Short of expectations: Unemployment surges as growth falls short of target

Published: April 27, 2012
"The growth rate is
not enough to absorb
the two million
people entering the
job market every year,"
NUST Business School Dean
Dr Ashfaque Hasan.

"The growth rate is not enough to absorb the two million people entering the job market every year," NUST Business School Dean Dr Ashfaque Hasan.


Pakistan’s economy grew by 3.2%, which is much below the official target and the required growth rate, leaving at least 1.3 million people jobless this year.

“According to a provisional assessment, gross domestic product (GDP) grew by 3.2% in the financial year 2011-12 ending June 30,” said Sohail Ahmad, Secretary of Statistics Division, after chairing the 91st meeting of the National Accounts Committee, convened to finalise the growth figure.

Estimates are based on provisional information for eight to nine months, which is used for projection for the entire year.

This growth figure remains below the target of 4.2% and even less than the conservative estimates of the International Monetary Fund and the Asian Development Bank that put the growth at 3.6%.

The committee’s data shows that the major push came from commodity producing sectors – agriculture and industry – as the government missed its services growth target with a wide margin.

Net national income increased by Rs282.5 billion and, with the year’s population growth rate at 2.05%, per capita income rose by 1.3%.

“The growth rate is not enough to absorb two million people entering the job market every year,” said Dr Ashfaque Hasan Khan, Dean Business School of NUST. For creating jobs for the new entrants, a 7% to 8% growth was required, but due to the low rate 1.2 to 1.3 million young people remained unemployed this year.

Average growth for the last five years – covering all the period of Pakistan Peoples Party-led coalition government which came to power in March 2008 – stood at just 2.58%. In 2008, the economy grew by 2.2%, in 2009 2.8%, in 2010 1.8% and in 2011 3%, said Arif Cheema, Director General of Pakistan Bureau of Statistics.

Agriculture sector  (24.7% of GDP)

The agricultural sector that pushed the overall growth rate up saw a robust growth due to improvement in soil fertility after floods for two years. Against the target of 3.4%, the sector grew by 3.6%.

Targets for major crops and forestry growth were surpassed. Compared to the target of 3%, major crops grew by 6.1% while forestry growth was 4.1% against the target of 2%.

However, production of minor crops dropped 2% against the target of 2% growth. Targets for wheat, sugarcane and rice production were also missed. Against the target of 25 million tons, wheat output was 23.5 million tons.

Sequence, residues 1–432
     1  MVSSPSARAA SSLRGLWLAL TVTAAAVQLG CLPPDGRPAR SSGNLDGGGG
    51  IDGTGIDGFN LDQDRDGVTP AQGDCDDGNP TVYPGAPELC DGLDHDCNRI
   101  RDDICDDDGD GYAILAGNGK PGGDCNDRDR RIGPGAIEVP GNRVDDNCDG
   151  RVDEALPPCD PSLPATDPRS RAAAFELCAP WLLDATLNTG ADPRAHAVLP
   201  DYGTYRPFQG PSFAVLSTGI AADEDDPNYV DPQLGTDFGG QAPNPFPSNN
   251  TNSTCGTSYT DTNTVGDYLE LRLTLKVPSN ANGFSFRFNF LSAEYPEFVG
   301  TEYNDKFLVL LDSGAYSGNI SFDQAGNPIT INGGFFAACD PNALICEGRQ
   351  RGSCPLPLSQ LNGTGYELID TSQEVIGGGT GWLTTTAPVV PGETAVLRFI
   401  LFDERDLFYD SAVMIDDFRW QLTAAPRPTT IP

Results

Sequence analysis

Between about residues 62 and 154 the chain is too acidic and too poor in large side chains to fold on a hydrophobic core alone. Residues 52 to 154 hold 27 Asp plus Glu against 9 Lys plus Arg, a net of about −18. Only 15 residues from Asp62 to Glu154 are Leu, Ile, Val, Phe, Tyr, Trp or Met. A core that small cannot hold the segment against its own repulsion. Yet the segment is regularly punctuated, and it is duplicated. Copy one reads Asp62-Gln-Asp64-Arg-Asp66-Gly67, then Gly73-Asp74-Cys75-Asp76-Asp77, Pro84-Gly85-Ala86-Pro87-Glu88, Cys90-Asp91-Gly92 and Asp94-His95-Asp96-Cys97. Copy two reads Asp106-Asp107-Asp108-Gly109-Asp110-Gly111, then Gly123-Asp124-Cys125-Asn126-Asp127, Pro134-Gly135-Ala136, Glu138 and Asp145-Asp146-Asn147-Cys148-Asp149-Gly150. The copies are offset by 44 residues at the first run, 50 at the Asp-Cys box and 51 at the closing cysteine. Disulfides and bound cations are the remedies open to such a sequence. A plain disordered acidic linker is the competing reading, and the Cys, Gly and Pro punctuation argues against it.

Rice production stood at 6.2 million tons compared to the target of 6.6 million tons while sugarcane harvest remained at 56.3 million tons against the target of 57.6 million tons.

Industrial sector  (22.2% of GDP)

The industrial sector, which rose by 1.9% last year, expanded 3.6% this year because of growth in electricity, gas and water supply sub-sectors. The industrial growth target was 3.2%. Electricity and gas sectors grew by 15.5% against the target of just 1%. “We have added subsidies to the output of electricity generation, which is according to international norms,” said Arif Cheema.

Growth rate for mining and quarrying stood at 1.7% against the target of 1% while the manufacturing sector grew by 2.4% against the target of 3.7%. In the manufacturing sector, large-scale manufacturing rose by just 1.64% while the construction sub-sector, which last year contracted by around 1%, saw a growth of 2.8% this year.

Services sector  (53.1% of GDP)

The government missed the services sector growth
target of 5% by a wide margin, as the biggest component of the economy rose by just 2.2% due to contraction in banking and financial sectors.

The finance and insurance sectors contracted by 11%, said Arif Cheema. The growth targets of all sub-sectors, except for ownership and dwellings, were missed.

The National Accounts Committee also revised last year’s growth upwards to 2.96% from the provisional 2.1%.

Published in The Express Tribune, April 27th, 2012.

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Reader Comments (14)

  • Apr 27, 2012 - 8:25AM

    It’s a story of corruption & incompetence of Pakistan’s political class. What we’re seeing now is reminiscent of the bad old days of 1990s when the two major parties, PPP & PML(N), gave us the lost decade. If it wasn’t for the Musharraf years from 2000-2007 which saw Pakistan’s GDP more than double in a few years, Pakistanis would be in much worse shape economically than they are now.


  • lahorie
    Apr 27, 2012 - 10:45AM

    Economy of punjab was badly affected due to alll power being diverted to sind.


  • hgkjsk
    Apr 27, 2012 - 11:03AM

    indian occupied kashmire growth rate is 9 percent.
    so thats why people there want to be with india not to be with the pliticians who are responsible for effecting and giving them fear of hunger every year; more than a millian people are adding to these poor people.


  • munda sialkotia
    Apr 27, 2012 - 11:41AM

    till 2015 the energy crisis will not end


  • anonymous
    Apr 27, 2012 - 12:06PM

    June 30 is 70 days away


  • Syed
    Apr 27, 2012 - 1:11PM

    Even USA is growing faster than Pakistan.


  • Rahim
    Apr 27, 2012 - 2:49PM